Pound Fines - How much will it cost to retrieve my dog?

Author: Neil Smith   Date Posted:19 April 2018 

A missing dog not only adds a lot of pressure to the family, but it can become a costly affair. The local council in your area will impound dogs found roaming the streets. Each council imposes strict penalties for owners to collect their missing dogs.

What are the penalties?  

The fine to collect your pet from the pound differs in each local council area. The cost of the fine can increase based on the number of days your dog is held at the pound and whether it is microchipped. For example, the cost for a dog to be released from Brisbane City Council’s pounds is $34.45 if it is microchipped and released on the first day. The price jumps by almost $20 if your pet is not microchipped or wearing an ID tag, and you have to pay $22.90 extra for every additional day your pet is impounded. That's up to $54.45 worth of pound fees for just one day.

In Sydney, the price is black and white with a $110 impoundment fee and an additional charge of $36 for each day the animal was at the pound. Similarly, in Melbourne, the charge is $65 for the first day and $15 for each additional day.

If your dog goes missing, a quick Google search will help you find the associated costs to retrieve them. Additionally, you can call your local council and they will be more than happy to help you out.

 

How can I prevent my dog from going missing?  

With the large costs and unwarranted stress from a missing dog, there are plenty of ways to help prevent them from going missing in the first place. Here are our top three tips for keeping your dog from going missing.

 

1. Get your dog desexed and microchipped

Getting your dog desexed can actually stop it from running away. It’s no surprise that their mating instincts will push them to find other dogs, but a desexed dog will have less of an urge to look for a mate.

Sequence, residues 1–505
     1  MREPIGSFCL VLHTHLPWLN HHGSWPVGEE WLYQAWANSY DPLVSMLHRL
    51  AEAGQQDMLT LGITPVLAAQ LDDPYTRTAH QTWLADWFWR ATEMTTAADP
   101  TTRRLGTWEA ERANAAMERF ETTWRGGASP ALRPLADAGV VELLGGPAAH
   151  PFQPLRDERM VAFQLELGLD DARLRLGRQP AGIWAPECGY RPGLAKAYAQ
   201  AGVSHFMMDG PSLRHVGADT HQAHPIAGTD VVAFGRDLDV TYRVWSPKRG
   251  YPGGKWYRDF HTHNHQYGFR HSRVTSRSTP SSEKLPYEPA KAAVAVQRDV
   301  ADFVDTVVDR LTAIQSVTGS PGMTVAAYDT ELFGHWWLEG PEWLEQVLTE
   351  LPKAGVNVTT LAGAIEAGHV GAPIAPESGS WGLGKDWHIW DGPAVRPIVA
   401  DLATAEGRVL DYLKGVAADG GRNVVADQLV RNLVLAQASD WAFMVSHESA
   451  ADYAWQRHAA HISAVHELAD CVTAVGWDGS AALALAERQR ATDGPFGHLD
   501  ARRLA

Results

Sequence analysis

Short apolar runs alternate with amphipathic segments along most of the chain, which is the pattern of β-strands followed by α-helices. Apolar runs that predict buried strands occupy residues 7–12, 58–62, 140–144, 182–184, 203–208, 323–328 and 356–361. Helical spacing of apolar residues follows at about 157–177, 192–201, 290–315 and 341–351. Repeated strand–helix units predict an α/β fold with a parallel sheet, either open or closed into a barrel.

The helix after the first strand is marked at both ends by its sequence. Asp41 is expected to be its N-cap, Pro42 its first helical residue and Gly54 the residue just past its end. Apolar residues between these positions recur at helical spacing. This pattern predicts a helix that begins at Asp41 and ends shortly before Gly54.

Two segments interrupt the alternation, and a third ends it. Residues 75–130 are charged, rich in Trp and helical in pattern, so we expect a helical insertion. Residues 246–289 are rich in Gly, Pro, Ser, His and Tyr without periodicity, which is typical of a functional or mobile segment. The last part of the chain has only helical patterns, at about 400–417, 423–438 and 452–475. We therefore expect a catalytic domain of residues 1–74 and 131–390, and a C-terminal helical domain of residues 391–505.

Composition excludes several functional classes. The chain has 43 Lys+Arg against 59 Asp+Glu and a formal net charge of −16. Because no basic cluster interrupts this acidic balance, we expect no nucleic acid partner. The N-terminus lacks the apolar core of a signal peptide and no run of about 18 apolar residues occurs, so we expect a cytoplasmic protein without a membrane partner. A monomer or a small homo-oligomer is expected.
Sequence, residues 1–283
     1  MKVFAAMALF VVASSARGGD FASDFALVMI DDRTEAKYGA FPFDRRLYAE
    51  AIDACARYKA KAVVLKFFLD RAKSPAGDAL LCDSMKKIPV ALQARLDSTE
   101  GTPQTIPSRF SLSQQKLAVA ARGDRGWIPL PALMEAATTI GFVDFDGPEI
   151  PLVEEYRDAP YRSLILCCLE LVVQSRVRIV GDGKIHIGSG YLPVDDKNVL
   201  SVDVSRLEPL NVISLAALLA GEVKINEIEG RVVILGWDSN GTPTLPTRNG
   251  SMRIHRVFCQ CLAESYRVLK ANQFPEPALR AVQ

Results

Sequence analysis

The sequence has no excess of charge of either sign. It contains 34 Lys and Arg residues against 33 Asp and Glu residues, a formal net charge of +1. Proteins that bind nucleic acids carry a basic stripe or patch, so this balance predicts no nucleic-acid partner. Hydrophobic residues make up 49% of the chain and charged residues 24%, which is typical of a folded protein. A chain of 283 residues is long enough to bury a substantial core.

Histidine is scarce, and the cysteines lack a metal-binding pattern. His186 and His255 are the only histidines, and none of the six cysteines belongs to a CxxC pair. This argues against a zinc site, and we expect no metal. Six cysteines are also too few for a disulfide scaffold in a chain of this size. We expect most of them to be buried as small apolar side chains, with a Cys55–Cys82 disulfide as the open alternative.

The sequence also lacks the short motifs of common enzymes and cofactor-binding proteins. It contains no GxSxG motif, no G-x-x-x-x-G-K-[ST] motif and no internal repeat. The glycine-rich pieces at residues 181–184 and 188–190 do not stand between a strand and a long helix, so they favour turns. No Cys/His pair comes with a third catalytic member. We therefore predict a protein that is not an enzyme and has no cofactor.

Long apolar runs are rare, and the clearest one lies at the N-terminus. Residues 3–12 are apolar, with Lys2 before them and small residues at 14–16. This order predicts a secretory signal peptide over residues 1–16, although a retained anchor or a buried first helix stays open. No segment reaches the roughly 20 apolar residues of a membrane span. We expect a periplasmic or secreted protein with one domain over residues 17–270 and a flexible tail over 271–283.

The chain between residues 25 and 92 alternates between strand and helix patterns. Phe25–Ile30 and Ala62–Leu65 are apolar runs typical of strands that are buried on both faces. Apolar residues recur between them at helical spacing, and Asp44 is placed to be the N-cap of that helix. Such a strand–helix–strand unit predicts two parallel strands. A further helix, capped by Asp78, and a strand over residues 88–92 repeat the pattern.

Microchipping will help you be reunited with your dog sooner rather than later. When you’re adopting a dog from a shelter such as the RSPCA they come desexed and microchipped.

 

2. Good, consistent training

You need to train your dog to keep within the boundaries of your property. This could be through reward or punishment. Beyond that, it is also important to train your dog to respond to your commands so if you do see them leave the property they will come back on command.

 

3. Fixing your fencing 

Good fencing is another key to keeping your dog in your yard. Six-foot wooden fences don’t go with every yard and some council areas have restrictions on what fences you can use. Dog containment systems are an easy solution to keeping your dog in your yard. They deliver a radio signal to your dog’s collar, giving them a safe static pulse, reminding them to stay within your property's boundaries. Not only do these system give you peace of mind, but you can set up the boundary however you want. For advice on containment fence systems, you're always welcome to give our friendly team a call on 1300 668 931.

 


Leave a comment

Comments have to be approved before showing up